Balance, ensemble, superb intonation and sensitive interpretation characterized this performance. None of the loud passages were overplayed. When one player had a solo passage, they came out just enough then returned to their dynamic place.

Special honors go to pianist Hiroko Yamazaki. Pianists have a special balance problem when playing in quartets because the sound of their instrument is so much fuller than a single string instrument. Not so here. Yamazaki was always at the correct level. Quite remarkable!


Monday, April 11, 2016

Album Review: Jennifer Campbell, "Perceptions of Shadows"

By Christine Facciolo
It might seem a bit presumptuous for a young pianist to include her own compositions on her debut CD and to christen the project with the title of one of said works.

But Jennifer Nicole Campbell is not just any other pianist. Barely out of conservatory (Peabody Class of ’14) — this young artist must surely possess a bookshelf sagging under the weight of the awards she’s already won.

Those talents are brilliantly displayed in this “a-little-bit-of-everything” recording, the 10 tracks of which range from the baroque to the contemporary.

Campbell was assured and absolutely engrossing in Beethoven’s Sonata No. 30 in E Major (Op. 109) and Chopin’s Nocturne in C-sharp minor, Op. 27 No. 1. The former was written in 1820 when Beethoven was completely deaf. After the huge Hammerklavier sonata (Op. 106), this work marks a return to a smaller and more intimate character, one might even say, confessional. Campbell applies an appropriately gentle touch to the first movement before launching into the ferocity of the second. The calm and fragile tone of the cantabile theme of the final movement — a set of variations — provides a nice and welcome retreat.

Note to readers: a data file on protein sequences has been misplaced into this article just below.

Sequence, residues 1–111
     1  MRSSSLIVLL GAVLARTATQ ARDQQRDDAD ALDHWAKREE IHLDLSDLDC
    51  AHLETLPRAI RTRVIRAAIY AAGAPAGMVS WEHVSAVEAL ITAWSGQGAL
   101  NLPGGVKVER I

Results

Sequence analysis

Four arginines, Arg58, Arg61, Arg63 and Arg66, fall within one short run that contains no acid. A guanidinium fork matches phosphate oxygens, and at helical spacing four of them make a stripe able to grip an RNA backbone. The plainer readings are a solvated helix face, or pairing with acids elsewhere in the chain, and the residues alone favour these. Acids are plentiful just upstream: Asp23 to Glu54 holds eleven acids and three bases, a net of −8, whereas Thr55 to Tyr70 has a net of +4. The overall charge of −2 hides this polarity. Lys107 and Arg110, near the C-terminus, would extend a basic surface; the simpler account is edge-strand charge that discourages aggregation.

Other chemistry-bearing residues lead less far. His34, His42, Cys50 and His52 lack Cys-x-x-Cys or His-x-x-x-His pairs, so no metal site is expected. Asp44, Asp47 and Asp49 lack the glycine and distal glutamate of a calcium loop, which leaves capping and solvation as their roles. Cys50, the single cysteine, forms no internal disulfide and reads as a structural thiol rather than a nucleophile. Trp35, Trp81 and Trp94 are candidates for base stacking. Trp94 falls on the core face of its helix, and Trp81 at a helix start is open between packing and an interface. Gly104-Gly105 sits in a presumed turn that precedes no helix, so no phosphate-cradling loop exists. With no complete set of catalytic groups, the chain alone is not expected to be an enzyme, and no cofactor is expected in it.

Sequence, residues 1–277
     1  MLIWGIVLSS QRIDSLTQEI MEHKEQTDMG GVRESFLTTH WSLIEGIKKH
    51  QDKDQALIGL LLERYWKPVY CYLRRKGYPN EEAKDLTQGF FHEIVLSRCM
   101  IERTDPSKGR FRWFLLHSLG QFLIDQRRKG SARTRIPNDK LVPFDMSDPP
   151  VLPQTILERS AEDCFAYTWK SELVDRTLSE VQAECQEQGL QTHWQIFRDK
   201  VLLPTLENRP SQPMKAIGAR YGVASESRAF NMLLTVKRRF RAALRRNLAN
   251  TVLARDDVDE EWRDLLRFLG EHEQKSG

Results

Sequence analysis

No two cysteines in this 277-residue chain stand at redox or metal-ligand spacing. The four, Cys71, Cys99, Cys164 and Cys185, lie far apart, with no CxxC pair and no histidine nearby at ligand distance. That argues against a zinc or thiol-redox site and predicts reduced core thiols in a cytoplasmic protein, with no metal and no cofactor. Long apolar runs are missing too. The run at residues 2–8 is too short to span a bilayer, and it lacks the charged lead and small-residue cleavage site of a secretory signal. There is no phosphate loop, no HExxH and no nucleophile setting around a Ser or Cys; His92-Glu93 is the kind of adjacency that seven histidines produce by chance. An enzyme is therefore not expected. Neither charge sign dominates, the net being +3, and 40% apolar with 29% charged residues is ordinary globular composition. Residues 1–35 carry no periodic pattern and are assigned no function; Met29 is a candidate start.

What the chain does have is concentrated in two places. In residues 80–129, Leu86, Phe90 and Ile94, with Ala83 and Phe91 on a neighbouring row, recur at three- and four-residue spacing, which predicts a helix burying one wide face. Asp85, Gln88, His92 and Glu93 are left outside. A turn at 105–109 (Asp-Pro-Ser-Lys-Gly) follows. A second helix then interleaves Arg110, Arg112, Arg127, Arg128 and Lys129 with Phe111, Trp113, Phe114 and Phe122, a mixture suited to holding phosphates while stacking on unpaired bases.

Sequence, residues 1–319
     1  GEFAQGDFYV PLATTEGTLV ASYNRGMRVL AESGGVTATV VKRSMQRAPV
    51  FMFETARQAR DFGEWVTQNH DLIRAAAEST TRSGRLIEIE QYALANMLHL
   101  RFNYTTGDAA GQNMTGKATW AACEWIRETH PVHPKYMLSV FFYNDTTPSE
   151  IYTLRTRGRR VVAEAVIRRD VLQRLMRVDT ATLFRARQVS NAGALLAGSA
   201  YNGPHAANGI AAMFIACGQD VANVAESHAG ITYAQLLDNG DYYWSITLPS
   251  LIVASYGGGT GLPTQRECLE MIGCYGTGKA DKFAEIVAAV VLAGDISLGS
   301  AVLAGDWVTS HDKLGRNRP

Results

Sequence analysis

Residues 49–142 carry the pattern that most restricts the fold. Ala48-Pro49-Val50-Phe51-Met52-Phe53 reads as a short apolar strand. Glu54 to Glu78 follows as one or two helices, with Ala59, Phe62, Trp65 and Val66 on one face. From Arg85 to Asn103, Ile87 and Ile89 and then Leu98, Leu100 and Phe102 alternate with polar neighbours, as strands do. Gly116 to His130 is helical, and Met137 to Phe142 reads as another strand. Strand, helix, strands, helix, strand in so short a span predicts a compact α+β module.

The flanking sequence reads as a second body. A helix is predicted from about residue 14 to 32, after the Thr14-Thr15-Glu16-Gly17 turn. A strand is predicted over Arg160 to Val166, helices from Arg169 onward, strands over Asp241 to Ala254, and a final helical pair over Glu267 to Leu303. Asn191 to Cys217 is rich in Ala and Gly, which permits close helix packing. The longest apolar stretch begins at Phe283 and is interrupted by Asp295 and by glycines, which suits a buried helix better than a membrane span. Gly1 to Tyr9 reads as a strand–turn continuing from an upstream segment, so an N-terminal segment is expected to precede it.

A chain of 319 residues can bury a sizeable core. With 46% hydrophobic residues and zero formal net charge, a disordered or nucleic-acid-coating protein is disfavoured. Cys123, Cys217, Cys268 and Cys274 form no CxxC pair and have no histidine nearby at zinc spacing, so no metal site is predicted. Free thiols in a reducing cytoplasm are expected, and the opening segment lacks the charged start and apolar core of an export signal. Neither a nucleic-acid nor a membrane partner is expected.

Chopin was undoubtedly the master of the piano miniature and his Nocturnes are the best of the best. Some are profoundly beautiful while others, like the Nocturne in C-sharp minor (Op. 27, No. 1), express pathos, tragedy, even hopelessness. Written in 1845 when the composer knew he was sick with tuberculosis, this is as personal a statement as Beethoven’s Missa Solemnis. Campbell’s approach is emotional without being sentimental, balanced and clearly shaded, allowing the music’s passion to emerge.

Purists might prefer their Bach played on a harpsichord. The reason is a simple and valid one: the harpsichord has a sharper tone than the piano, giving the lines more “pop.”

No matter. Campbell displays a firm grasp of Bach’s architecture, delivering a performance of the French Suite No. 3 in B minor that is appropriately sharp in contour with plenty of vibrancy and poignancy.

Campbell shows equal mastery of the music of Debussy. Her control of voicing in “Cloches a travers les feuilles” from Images, Book II is a marvel as is her ability to coax some breathtakingly subtle shades from her instrument.

Campbell is equally brilliant as she evokes the shimmering luminosity of the technically daunting “Sundrops over Windy Water” from Three Etudes (2012) by the young Israeli composer Avner Dorman.

The inclusion of David Auldon Brown’s Sonata I (1977, rev. 2008) was a splendid example of the contemporary idiom to the traditional sonata form. The composer revised the work especially for Campbell during her study at the Darlington Arts Center.

The CD concludes with two of Campbell’s self-penned works: Perceptions of Shadows, which pairs quite nicely with the Debussy and the masterful tongue-in-cheek Variations on Simple Gifts, which will surely have you playing “name-that-tune.”